A model of macadamia with application to pruning in orchards

White, N. and Hanan, J. (2016). A model of macadamia with application to pruning in orchards. In: M. Wirthensohn, ISHS Acta Horticulturae 1109: XXIX International Horticultural Congress on Horticulture: Sustaining Lives, Livelihoods and Landscapes (IHC2014): International Symposium on Nut Crops, Brisbane, Australia, (75-81). 17 August 2014. doi:10.17660/ActaHortic.2016.1109.12


Author White, N.
Hanan, J.
Title of paper A model of macadamia with application to pruning in orchards
Conference name ISHS Acta Horticulturae 1109: XXIX International Horticultural Congress on Horticulture: Sustaining Lives, Livelihoods and Landscapes (IHC2014): International Symposium on Nut Crops
Conference location Brisbane, Australia
Conference dates 17 August 2014
Journal name Acta Horticulturae   Check publisher's open access policy
Series Acta Horticulturae
Publisher International Society for Horticultural Science
Publication Year 2016
Sub-type Fully published paper
DOI 10.17660/ActaHortic.2016.1109.12
Open Access Status Not yet assessed
ISBN 9789462611030
ISSN 0567-7572
Editor M. Wirthensohn
Volume 1109
Start page 75
End page 81
Total pages 7
Language eng
Abstract/Summary A self-organising model of macadamia, expressed using L-Systems, was used to explore aspects of canopy management. A small set of parameters control the basic architecture of the model, with a high degree of self-organisation occurring to determine the fate and growth of buds. Light was sensed at the leaf level and used to represent vigour and accumulated basipetally. Buds also sensed light so as to provide demand in the subsequent redistribution of the vigour. Empirical relationships were derived from a set of 24 completely digitised trees after conversion to multiscale tree graphs (MTG) and analysis with the OpenAlea software library. The ability to write MTG files was embedded within the model so that various tree statistics could be exported for each run of the model. To explore the parameter space a series of runs was completed using a high-throughput computing platform. When combined with MTG generation and analysis with OpenAlea it provided a convenient way in which thousands of simulations could be explored. We allowed the model trees to develop using self-organisation and simulated cultural practices such as hedging, topping, removal of the leader and limb removal within a small representation of an orchard. The model provides insight into the impact of these practices on potential for growth and the light distribution within the canopy and to the orchard floor by coupling the model with a path-tracing program to simulate the light environment. The lessons learnt from this will be applied to other evergreen, tropical fruit and nut trees.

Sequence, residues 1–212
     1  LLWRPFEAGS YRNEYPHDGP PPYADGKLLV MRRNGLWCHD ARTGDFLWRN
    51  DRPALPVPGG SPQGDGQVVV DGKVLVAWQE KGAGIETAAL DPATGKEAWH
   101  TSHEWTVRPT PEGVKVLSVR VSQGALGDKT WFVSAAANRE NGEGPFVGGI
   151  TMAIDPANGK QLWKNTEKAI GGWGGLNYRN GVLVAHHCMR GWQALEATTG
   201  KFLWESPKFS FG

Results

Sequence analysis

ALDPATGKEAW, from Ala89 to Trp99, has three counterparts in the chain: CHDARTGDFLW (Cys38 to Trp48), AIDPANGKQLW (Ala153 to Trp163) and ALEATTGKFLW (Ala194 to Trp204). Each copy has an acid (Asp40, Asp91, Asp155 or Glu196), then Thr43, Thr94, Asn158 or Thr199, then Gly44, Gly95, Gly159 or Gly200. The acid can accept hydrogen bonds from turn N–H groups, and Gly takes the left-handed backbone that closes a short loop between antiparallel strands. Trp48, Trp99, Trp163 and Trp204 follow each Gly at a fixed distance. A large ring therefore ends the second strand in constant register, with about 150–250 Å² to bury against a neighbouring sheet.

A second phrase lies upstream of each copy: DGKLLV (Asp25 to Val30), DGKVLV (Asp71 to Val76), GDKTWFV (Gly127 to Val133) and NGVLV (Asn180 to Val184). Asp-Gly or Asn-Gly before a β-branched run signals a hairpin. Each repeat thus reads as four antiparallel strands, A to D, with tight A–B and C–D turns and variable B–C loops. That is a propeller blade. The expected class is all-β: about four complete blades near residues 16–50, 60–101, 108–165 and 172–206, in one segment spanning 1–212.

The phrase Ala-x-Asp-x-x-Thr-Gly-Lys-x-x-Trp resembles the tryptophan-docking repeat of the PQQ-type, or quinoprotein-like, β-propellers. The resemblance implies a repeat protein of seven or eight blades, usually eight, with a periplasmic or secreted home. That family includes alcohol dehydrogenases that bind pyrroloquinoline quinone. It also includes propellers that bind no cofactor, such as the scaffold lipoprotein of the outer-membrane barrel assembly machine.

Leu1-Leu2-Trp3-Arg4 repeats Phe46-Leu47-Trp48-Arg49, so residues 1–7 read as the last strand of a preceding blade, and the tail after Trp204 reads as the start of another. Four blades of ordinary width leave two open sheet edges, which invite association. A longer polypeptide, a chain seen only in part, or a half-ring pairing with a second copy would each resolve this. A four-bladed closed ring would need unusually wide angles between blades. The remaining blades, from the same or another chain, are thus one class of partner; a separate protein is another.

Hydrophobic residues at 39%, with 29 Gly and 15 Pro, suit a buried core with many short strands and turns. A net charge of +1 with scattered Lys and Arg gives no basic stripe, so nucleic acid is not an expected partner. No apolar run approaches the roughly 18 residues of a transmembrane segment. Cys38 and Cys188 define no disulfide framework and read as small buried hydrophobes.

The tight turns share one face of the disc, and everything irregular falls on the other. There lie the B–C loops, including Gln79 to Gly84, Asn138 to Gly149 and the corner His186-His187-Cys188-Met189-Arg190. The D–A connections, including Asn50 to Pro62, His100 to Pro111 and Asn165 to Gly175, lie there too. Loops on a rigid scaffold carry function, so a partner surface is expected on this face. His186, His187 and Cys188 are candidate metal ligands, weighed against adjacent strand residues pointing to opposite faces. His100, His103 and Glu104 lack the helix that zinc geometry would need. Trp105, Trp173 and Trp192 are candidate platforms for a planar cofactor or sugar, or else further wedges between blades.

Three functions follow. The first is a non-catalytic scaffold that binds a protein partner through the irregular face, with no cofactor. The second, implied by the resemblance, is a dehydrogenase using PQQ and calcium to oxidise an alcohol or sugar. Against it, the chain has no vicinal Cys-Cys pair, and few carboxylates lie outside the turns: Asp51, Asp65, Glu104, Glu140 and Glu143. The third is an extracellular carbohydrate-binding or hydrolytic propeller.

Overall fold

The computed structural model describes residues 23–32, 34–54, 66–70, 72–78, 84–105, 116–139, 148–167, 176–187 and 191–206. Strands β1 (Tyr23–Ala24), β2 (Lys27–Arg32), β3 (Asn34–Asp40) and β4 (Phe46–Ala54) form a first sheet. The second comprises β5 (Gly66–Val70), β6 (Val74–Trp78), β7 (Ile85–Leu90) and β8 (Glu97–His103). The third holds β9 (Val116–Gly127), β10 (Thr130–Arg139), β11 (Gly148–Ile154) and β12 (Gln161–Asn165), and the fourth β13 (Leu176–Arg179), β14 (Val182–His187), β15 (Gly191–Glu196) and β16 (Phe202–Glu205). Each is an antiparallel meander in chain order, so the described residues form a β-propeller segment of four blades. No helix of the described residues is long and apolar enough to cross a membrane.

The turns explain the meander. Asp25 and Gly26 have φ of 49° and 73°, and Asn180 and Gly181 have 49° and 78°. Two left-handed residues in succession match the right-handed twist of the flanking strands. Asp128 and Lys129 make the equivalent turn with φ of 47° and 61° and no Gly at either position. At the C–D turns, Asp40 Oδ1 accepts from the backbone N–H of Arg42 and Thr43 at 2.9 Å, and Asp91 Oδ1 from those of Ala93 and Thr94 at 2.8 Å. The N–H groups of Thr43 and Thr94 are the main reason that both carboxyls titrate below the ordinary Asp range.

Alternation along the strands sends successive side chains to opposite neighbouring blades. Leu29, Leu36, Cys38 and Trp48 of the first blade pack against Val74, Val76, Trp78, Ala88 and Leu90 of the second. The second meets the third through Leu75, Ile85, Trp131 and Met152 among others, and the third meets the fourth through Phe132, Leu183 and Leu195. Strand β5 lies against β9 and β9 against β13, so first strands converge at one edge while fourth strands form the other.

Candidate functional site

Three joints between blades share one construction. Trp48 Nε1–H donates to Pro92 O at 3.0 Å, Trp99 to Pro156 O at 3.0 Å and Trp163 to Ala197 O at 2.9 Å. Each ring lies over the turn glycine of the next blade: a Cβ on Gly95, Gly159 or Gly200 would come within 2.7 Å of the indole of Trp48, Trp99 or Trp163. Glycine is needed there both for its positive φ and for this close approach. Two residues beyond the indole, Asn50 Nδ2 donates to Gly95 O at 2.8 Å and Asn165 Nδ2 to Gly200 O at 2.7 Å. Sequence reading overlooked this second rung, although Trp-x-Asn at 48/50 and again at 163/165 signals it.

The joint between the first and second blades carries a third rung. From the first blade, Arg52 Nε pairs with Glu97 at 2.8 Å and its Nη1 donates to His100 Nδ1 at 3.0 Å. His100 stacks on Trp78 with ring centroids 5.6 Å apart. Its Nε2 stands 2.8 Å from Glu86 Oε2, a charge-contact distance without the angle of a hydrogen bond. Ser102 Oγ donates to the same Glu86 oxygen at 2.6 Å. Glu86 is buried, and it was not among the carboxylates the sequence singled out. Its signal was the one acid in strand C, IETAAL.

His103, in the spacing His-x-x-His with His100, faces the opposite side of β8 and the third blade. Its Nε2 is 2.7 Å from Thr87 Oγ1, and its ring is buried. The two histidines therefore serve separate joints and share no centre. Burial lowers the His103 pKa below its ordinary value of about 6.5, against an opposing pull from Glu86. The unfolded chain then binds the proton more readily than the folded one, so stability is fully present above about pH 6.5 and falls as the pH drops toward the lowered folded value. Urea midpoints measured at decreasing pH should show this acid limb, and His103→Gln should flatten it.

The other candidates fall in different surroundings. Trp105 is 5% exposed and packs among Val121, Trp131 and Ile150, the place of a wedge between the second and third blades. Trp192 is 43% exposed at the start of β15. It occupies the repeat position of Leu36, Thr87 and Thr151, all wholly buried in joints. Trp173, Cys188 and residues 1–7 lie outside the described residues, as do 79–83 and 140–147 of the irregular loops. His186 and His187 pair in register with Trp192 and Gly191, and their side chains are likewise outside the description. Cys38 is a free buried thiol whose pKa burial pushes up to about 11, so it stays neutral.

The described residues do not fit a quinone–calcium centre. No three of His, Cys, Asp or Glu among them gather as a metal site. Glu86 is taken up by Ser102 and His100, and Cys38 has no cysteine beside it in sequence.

Formatted Abstract/Summary
A self-organising model of macadamia, expressed using L-Systems, was used to explore aspects of canopy management. A small set of parameters control the basic architecture of the model, with a high degree of self-organisation occurring to determine the fate and growth of buds. Light was sensed at the leaf level and used to represent vigour and accumulated basipetally. Buds also sensed light so as to provide demand in the subsequent redistribution of the vigour. Empirical relationships were derived from a set of 24 completely digitised trees after conversion to multiscale tree graphs (MTG) and analysis with the OpenAlea software library. The ability to write MTG files was embedded within the model so that various tree statistics could be exported for each run of the model. To explore the parameter space a series of runs was completed using a high-throughput computing platform. When combined with MTG generation and analysis with OpenAlea it provided a convenient way in which thousands of simulations could be explored. We allowed the model trees to develop using self-organisation and simulated cultural practices such as hedging, topping, removal of the leader and limb removal within a small representation of an orchard. The model provides insight into the impact of these practices on potential for growth and the light distribution within the canopy and to the orchard floor by coupling the model with a path-tracing program to simulate the light environment. The lessons learnt from this will be applied to other evergreen, tropical fruit and nut trees.
Subjects 1108 Horticulture
Keyword Canopy management
FSPM
Light interception
Q-Index Code E1
Q-Index Status Provisional Code
Institutional Status UQ

Document type: Conference Paper
Sub-type: Fully published paper
Collection: School of Agriculture and Food Sciences
 
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Created: Tue, 31 May 2016, 20:15:28 EST by Jim Hanan on behalf of Learning and Research Services (UQ Library)